Here’s what they said…

Larry Niven
Until Larry Niven is the author of Ringworld, the co-author of The Mote in God’s Eye and Lucifer’s Hammer, the editor of the Man-Kzin War series, and has written or co-authored over 50 books. He is a five-time winner of the Hugo Award, along with a Nebula and numerous others.

  • If you make an intelligent being, you must give it civil rights.
  • On the other hand, you cannot give the vote to a computer program. “One man, one vote” — and how many copies of the program would you need to win an election? Programs can merge or can generate subprograms.
  • Machines can certainly become a part of a human. Our future may see a merging of humans and machines.
  • Or all of the above. Keep reading science fiction. We always get there first.

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James K. Decker developed his love of reading and writing early in life, participating in young author competitions as early as grade school, but the later discovery of works by Frank Herbert and Issac Asimov turned that love to an obsession. He wrote continuously through high school, college and beyond, eventually breaking into the field under the name James Knapp, with the publication of the Revivors trilogy (State of Decay, The Silent Army, and Element Zero). State of Decay was a Philip K. Dick award nominee, and won the 2010 Compton Crook Award. The Burn Zone is his latest novel and his debut novel under the name James K. Decker.

A Love Letter to Science Fiction, or, How I Became a Writer

I have loved Science Fiction for a long time. You might even say, it was my first love. My hair has turned a far dirtier blond over the years and is now streaked with gray, but it wasn’t always so. Once upon a time, I looked like this:
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[Do you have an idea for a future Mind Meld? Let us know!]

We asked this week’s panelists…

Q: In the past few years there seems to have been a rise in popularity of post-apocalyptic stories, not only in fiction, but in film as well. For some reason, people are fascinated with society having to start over after some sort of devastation, whether it’s plague, floods, weapons of mass destruction, or of course, zombie apocalypse. Why do you think readers are so drawn to post-apocalyptic stories and settings?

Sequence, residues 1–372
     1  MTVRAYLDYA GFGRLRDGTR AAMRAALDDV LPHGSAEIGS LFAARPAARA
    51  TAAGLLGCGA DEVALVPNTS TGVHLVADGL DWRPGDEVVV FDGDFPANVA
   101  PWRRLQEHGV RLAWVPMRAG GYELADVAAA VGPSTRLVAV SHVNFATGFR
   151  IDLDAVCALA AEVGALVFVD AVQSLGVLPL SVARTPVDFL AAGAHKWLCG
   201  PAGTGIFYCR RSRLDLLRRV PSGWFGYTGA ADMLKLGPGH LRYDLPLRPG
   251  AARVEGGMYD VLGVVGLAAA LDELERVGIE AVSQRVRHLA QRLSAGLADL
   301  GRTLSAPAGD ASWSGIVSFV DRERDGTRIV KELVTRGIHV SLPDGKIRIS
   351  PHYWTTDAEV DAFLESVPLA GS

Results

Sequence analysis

Here’s what they said…

Susan Beth Pfeffer
Until Susan Beth Pfeffer‘s New York Times best-selling novel Life As We Knew It was nominated for an Andre Norton Award, she had no idea the book was science fiction. Even with three other books in the series, The Dead And The Gone, This World We Live In, and the upcoming, The Shade Of The Moon, she still can’t spell apocalyptic.

In some ways, post-apocalyptic stories are Cinderella/Horatio Alger variants. It’s always fun to identify with the person who has nothing and ends up triumphant over those who have more.

Of course Cinderella had her fairy godmother and Alger’s heroes were generally befriended by wealthy older men, and neither had to deal with zombies. But they still struggled against great odds and ended in a much better place.

Cinderella and the Alger hero started out in poverty and their problems arose from that. But the popularity of post-apocalyptic stories has grown while the United States has been in recession. I’m willing to believe those floods and plagues and even the zombies are in some ways stand-ins for unemployment, a weak housing market, credit card debt, outstanding college loans, and shrunken retirement plans.

In better times, you’re more likely to have romantic vampires!